In most places wherever you live, there is a little slip of time, when the last of the tomatoes are still ripening (and you are looking for new ways to use them), while the first of the fresh, local apples are being picked from the trees. Add some of this year's onions, and you've got the fresh ingredients for a wonderful relish!
This is a old recipe that my Mom started canning when I was a little girl, and I've made it myself ever since I set up my own home. The original recipe calls it "chili sauce", but it isn't anything like "chili", nor is it like that bottled 57 varieties commercial brand that you can buy in grocery stores, but you do use it in similar ways. But this one is SO much better!! I supposed it could be called a tomato-apple relish, or chutney, but by whatever name, it is sweet and tangy, and luscious, mixed with a little homemade citrus or blood orange marmalade, glazed over chicken, pork chops, and as my Mom only used to use it, as a topper on meatloaf. Yum!! My mouth waters just thinking about it!
You are going to need:
16 Large Tomatoes
8 Sour Apples
1 Quart Apple Cider Vinegar
2 Cups White Granulated Sugar
1/2 Teasp. Cinnamon
1/2 Teasp. Black Pepper
2 1/2 Tblsp. Salt
1 Teasp. Cloves
1/2 Teasp. Ground Mustard
Pint or Half Pint canning jars with lids and rings, or jelly jars. (I used to put this up in pint jars, but since it is just my hubs and me, I use the jelly jars, and get 18 jars. It keeps in the refrigerator for weeks, like ketchup.
If you have a food processor, this is where it comes in handy. I used to do all of this by hand, and it works fine, but just takes a lot longer to prepare!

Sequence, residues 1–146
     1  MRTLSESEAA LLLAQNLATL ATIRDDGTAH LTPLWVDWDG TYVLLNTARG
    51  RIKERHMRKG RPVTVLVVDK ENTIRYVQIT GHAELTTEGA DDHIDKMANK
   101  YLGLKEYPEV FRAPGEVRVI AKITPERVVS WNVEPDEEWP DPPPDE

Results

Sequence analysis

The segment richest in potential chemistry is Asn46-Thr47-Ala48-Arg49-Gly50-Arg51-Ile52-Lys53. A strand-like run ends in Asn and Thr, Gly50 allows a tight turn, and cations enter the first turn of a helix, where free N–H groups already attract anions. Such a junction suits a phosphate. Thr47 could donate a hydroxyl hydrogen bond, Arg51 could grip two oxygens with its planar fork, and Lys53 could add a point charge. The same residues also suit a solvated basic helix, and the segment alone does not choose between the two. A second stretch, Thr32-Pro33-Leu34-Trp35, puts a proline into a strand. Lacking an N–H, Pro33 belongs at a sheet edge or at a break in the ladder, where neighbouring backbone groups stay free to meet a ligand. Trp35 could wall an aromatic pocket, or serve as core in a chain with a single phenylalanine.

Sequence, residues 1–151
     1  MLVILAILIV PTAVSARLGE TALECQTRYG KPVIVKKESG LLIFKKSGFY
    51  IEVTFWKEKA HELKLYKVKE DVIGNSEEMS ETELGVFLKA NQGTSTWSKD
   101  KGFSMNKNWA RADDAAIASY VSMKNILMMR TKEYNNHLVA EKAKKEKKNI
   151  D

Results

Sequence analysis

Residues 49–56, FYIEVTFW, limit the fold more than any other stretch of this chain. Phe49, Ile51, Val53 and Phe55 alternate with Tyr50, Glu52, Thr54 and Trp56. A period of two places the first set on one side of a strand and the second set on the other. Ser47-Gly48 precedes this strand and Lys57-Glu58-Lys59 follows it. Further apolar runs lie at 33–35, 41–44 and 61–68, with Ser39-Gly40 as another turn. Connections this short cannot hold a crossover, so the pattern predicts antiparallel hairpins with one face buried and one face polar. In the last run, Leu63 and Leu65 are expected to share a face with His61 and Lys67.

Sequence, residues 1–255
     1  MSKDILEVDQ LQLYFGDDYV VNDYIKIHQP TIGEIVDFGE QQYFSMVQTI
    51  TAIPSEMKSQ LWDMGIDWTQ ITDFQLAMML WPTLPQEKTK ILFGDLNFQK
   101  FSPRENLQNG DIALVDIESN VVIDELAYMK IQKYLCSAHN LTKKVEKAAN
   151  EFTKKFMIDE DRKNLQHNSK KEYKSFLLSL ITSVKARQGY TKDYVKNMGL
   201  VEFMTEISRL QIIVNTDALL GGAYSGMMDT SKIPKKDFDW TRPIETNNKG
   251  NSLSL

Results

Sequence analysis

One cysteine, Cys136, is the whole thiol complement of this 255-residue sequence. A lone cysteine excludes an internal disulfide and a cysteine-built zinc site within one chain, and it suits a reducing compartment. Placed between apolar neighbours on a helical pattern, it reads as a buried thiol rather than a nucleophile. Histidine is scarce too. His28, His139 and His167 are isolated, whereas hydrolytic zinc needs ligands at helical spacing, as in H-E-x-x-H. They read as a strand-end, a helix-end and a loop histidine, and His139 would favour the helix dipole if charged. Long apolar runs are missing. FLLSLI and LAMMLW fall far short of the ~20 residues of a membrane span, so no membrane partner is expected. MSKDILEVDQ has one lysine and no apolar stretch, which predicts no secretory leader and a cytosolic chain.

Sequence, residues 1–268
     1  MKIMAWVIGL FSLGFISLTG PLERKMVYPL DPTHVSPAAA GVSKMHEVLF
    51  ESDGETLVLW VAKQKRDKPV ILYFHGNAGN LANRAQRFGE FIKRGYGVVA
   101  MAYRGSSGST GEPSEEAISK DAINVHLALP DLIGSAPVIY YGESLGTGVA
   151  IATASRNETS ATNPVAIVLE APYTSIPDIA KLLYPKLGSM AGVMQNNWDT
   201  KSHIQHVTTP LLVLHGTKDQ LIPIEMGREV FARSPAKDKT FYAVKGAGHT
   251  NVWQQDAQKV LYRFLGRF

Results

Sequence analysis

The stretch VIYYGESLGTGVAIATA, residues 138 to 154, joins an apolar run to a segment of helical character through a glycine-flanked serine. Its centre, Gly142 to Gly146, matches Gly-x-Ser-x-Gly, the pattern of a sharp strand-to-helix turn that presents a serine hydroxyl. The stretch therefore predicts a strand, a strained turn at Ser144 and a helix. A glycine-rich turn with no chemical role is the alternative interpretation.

Wash the tomatoes, and section, removing the stem core, and run those through your food processor or grinder. If you are doing this by hand, then you can cut your tomatoes into large chunks, since they will cook down.
** A word about tomatoes. .if you are buying commercially canned tomatoes, and your recipe calls for crushed, pureed, or diced tomatoes, always, always buy the whole ones and crush or cut them up yourself. Why? Because the canners always use the best looking and highest quality tomatoes for their whole tomatoes, and the, um, shall we say, lesser quality ones for the crushed or chopped ones. You don't even want to think about the quality of the ones that are used in making tomato sauce, pastes, purees, and ketchup. This isn't anything unusual. It is the standard not only for tomatoes, but pickle relishes too, jams, jellies. . I've lived my whole life in this farm belt area, and made school clothes money picking, sorting and cleaning every type of veggie or fruit that you can think of, the last of each season, going through and picking every fruit or veggie, no matter what the condition, then sitting in a long line of trucks and tractors in the hot sun at the canneries. . and now that I've totally grossed you out, let's get back to the good stuff!!! Remember. .these are veggies that YOU picked out, by your own hand, eye and nose.
Add those fresh, firm chopped up tomatoes into the pot with the onions and apples, and stir until well combined. I left out some photos of the different steps, but I'm confident that you can figure it out! Cook at a medium low heat for a few minutes, stirring frequently because it can scorch quite easily.
In the meantime, sterilize your jars (dishwasher is wonderful for this step, if your water is hot enough, and you keep the unit closed until you need to use the jars.), and lids.
Ladle into hot jars, leaving no less than 1/2 inch space between the relish and the rim of the jar. Wipe the rim clean, place sterile lid and hand tighten the ring onto the jar.
Seal in a hot water bath for 20 minutes. I'm assuming that you know all about this step, but if this is your first time canning, let me know, and I'll explain more fully, or you can go to the experts at Ball Canning.
And that's it! When the jars have cooled and each lid has provided you with a resounding "pop!!" to let you know that it is sealed, you can write out your labels for the jars, and store them in a dark, cool place.
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